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We agree with Archbishop Cruz and the other maverick bishops. We must change our government now. We also agree with the Chief Justice of the Supreme Court, Reynato Puno. Any change must be done within the framework of the 1987 Constitution. We would like to add: it must be revolutionary yet peaceful. Is all this possible? Yes! Let us discuss how.

First, let us answer a question. Why is corruption and hunger so prevalent in our country? The culprit is accurately identified by federalists: too much concentration of power and wealth in Imperial Manila. They say it must be dispersed. They say that local people must be allowed to plan and work for their own development. They can only do this if more power and wealth are within their control. Well said, but, there’s only one problem. Some federalists insist that this can only be done through federalism and charter change. This is not true. The present Charter does not limit the Senate’s and Congress’ power to devolve power and wealth. Only our lawmakers do.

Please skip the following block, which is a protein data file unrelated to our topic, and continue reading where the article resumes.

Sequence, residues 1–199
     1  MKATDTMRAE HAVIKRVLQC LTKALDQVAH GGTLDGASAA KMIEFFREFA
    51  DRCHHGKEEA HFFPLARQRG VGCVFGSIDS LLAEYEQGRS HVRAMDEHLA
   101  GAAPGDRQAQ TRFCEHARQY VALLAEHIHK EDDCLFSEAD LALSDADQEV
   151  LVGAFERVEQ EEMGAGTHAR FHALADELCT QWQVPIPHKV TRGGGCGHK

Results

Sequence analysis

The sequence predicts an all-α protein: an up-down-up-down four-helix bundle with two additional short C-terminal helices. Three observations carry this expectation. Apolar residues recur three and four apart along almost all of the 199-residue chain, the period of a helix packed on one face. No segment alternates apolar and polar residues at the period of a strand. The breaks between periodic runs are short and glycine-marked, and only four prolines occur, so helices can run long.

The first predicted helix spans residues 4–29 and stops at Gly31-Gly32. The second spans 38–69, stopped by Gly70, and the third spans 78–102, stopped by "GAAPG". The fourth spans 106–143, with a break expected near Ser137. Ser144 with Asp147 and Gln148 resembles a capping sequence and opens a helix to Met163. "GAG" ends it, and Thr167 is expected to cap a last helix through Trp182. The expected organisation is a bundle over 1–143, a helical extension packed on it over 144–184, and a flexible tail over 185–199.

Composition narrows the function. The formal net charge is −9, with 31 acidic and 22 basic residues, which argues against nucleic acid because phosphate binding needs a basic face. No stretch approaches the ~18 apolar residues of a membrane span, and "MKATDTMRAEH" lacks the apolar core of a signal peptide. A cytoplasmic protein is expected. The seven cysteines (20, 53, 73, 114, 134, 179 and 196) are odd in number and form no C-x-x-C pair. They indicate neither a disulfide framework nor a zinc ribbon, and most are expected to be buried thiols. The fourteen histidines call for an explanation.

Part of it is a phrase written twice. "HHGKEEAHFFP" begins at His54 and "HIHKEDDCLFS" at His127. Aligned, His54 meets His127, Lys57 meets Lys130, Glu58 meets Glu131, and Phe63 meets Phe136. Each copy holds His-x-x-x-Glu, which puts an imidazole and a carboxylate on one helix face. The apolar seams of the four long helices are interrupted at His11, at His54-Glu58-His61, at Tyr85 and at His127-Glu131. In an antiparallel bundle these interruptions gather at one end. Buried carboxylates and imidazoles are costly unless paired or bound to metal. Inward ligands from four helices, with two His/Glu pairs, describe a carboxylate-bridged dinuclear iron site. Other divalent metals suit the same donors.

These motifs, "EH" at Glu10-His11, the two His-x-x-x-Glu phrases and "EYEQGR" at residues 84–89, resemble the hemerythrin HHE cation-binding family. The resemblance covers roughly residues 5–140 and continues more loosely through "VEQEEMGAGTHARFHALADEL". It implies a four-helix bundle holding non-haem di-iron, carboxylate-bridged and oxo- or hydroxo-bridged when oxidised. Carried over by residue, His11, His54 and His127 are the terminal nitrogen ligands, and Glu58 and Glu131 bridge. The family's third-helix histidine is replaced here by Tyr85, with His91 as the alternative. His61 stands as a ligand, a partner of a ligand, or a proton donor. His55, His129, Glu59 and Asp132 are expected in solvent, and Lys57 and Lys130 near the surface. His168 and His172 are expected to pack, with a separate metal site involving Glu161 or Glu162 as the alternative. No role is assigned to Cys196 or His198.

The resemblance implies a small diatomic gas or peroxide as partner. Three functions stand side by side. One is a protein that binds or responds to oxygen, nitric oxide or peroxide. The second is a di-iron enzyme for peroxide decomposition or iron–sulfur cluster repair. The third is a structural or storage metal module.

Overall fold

How does our present set-up foster corruption and hunger? Let us take the case of agriculture. In 1971, Congress devolved the personnel and functions of agriculture to the LGU’s, but not the support funds. So, trained technicians who had to rely on the inclinations of the governors and mayors for their operations. Some technicians were lucky enough to land in LGU’s with receptive officials and ample funds. They were able to do some progress. In municipalities and provinces that could not provide maintenance, operating and operational expenses both services and personnel had to suffer. So do the farmers. So does the country.

On the other hand, the DA itself became bloated with more funds than it can judiciously handle. And so we have the billion-piso swine and fertilizer scams. LGU’s are forced to accept with gratitude irrigation, dryers and farm to market roads, even when obviously overpriced. What else could they do? How else did the term Imperial Manila came about? This simple legislative flaw can be remedied by a simple legislative measure. Even federalists suggest that decentralization through amendment to the local government code is a step towards federalism. Unfortunately, we are so engrossed with federalism that we forgot to undertake this necessary complementary and preparatory step: devolution.